Digital approach to housing challenge outlined by Wienerberger and PCSG at GEO Business event

The transformative benefits for the housing sector of combining geospatial and built-asset data were outlined by Paul Surin, of Wienerberger Group and PCSG’s Adrian Burgess in a presentation at the GeoBusiness Show.

The pair demonstrated how combining GEO information, point cloud data and multiple Building Information (BIM) models, in a Common Data Environment, could open up “a new world of possibilities” and help tackle the pressing challenge of the need for two million homes in the next decade.

Developers and asset owners, they explained, will be able to gain valuable context to inform their decisions and swiftly assess the viability of a proposal. They will take better, quicker and more cost-effective decisions during all the RIBA Digital Plan of Work Stages.

Their focus in the presentation – How a Digital Built Environment Can help Deliver Better Homes – was an innovative application, jointly developed by Wienerberger and PCSG – the Viability tool.

The tool centres around a “digital built environment approach” which looks much further than the commercial viability of a development, considering also social, resourcing and other factors. It enables the right homes to be built in the right place at an affordable price.

Adrian demonstrated a simple interface that will allow any authorised user to search any location in the UK by postcode, co-ordinates or by browsing and to quickly retrieve a collection of pertinent information related to social, resource and commercial viability of a development.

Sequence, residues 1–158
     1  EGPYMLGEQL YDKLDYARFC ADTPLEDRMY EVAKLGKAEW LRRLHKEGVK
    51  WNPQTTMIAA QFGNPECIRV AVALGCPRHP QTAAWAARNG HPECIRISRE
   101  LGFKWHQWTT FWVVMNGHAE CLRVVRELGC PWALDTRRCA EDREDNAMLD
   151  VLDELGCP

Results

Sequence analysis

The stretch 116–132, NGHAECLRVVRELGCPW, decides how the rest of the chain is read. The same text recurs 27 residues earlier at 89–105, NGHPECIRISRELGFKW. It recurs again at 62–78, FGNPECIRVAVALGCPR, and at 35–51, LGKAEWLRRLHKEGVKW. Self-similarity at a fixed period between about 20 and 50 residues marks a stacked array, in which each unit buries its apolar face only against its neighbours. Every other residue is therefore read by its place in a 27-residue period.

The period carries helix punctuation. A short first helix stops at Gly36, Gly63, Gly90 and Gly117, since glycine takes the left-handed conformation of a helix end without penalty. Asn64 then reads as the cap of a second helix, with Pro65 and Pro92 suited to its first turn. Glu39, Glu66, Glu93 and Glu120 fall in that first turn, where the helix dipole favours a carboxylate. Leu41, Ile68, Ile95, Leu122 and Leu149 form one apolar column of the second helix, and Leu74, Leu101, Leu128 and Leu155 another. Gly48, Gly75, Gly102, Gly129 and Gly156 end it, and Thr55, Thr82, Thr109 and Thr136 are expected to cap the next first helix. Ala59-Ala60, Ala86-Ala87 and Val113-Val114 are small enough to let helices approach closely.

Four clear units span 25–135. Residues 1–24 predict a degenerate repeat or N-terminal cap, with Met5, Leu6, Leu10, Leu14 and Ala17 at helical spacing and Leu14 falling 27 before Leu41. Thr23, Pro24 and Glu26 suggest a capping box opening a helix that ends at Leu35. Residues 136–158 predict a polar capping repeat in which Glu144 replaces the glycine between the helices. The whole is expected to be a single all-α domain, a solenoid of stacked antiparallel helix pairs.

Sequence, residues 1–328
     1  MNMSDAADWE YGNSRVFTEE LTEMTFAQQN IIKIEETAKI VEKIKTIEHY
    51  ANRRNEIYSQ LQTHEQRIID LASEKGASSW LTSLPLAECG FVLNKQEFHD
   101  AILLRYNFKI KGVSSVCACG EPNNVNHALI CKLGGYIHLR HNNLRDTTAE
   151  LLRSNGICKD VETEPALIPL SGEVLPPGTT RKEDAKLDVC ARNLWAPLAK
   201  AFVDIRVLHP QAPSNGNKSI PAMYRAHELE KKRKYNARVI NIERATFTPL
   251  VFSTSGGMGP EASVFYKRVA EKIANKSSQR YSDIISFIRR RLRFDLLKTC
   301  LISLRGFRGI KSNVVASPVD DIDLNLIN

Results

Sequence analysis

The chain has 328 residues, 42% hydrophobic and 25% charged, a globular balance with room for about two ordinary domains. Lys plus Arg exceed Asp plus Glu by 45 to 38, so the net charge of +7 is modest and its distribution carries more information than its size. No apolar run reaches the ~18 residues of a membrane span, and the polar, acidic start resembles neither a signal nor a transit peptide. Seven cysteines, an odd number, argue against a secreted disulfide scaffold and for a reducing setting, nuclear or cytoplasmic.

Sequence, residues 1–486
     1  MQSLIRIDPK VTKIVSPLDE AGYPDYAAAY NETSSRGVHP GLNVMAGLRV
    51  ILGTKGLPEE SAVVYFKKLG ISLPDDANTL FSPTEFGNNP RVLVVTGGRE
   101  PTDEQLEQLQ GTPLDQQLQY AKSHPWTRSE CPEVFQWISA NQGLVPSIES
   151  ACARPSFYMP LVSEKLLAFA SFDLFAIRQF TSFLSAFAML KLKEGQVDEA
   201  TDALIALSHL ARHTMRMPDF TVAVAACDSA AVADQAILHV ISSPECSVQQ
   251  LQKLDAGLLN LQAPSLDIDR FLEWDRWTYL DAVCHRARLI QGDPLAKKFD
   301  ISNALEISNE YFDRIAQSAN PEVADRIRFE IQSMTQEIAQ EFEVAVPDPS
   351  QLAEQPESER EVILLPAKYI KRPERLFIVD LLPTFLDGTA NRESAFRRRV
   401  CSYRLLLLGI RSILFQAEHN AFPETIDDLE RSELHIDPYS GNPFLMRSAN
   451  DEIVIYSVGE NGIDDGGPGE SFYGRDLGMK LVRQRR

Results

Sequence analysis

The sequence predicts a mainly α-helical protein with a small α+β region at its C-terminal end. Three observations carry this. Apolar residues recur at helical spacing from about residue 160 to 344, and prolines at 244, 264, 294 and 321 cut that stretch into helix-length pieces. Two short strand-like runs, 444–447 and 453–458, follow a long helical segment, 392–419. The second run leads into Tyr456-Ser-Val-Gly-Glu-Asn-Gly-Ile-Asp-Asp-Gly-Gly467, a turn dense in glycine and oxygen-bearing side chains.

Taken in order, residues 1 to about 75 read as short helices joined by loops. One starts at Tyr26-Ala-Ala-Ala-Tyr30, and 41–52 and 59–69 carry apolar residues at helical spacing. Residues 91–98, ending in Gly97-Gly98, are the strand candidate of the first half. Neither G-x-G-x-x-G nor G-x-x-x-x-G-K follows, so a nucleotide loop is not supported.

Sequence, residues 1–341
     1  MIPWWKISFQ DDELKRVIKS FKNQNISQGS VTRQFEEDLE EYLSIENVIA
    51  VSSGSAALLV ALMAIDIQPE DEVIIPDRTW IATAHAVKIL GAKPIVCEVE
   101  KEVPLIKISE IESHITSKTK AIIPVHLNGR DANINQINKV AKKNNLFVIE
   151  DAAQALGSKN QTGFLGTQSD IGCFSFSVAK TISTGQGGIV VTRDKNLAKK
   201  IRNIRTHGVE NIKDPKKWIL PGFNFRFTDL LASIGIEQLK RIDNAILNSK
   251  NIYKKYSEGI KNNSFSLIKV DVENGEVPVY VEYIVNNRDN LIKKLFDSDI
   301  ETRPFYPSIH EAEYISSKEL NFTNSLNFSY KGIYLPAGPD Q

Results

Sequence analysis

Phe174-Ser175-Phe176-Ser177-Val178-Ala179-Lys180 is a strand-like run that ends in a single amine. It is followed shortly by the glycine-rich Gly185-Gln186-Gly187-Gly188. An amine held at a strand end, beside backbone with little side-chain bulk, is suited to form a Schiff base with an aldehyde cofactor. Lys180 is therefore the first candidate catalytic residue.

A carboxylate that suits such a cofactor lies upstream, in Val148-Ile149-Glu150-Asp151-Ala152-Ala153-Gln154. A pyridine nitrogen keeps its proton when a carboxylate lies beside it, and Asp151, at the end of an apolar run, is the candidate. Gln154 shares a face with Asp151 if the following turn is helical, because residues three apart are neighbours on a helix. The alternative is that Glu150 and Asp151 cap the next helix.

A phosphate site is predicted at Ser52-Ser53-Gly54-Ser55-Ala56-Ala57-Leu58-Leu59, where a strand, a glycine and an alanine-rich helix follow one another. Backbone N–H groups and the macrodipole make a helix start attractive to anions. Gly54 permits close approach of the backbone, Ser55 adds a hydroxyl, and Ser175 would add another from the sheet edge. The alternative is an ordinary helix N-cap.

With the tool, the viability process and retrieval of information such as demographic data, planning information and flood risk data can be pulled together within minutes. Traditionally, this process would take six to eight weeks.

The platform supports manufacturing-led, digitally connected supply chains and the growth of local SME trades and suppliers by providing access to large projects, which may otherwise be inaccessible.

The supply chain can enrich each model with their own product information, ensuring that the information delivered can be trusted and providing a true and accurate representation of what has been constructed and installed – a true digital twin of the built asset. 

This ‘digital built’ approach also supports the reduction of the performance gap through manufacturing-led supply chains, and supports a circular construction economy by making measurable the impact of re-entering a product or system into the supply chain

The £110 billion construction industry is facing ever-more challenges – including the requirement for two million homes in the next decade. Effectively harnessing and connecting the vast volumes of data about our built-environment now available will be key to meeting those challenges, Adrian and Paul said.

Wienerberger and PCSG are at the forefront of digitalised construction and the development of solutions to enable the full realisation of a digitally built Britain.

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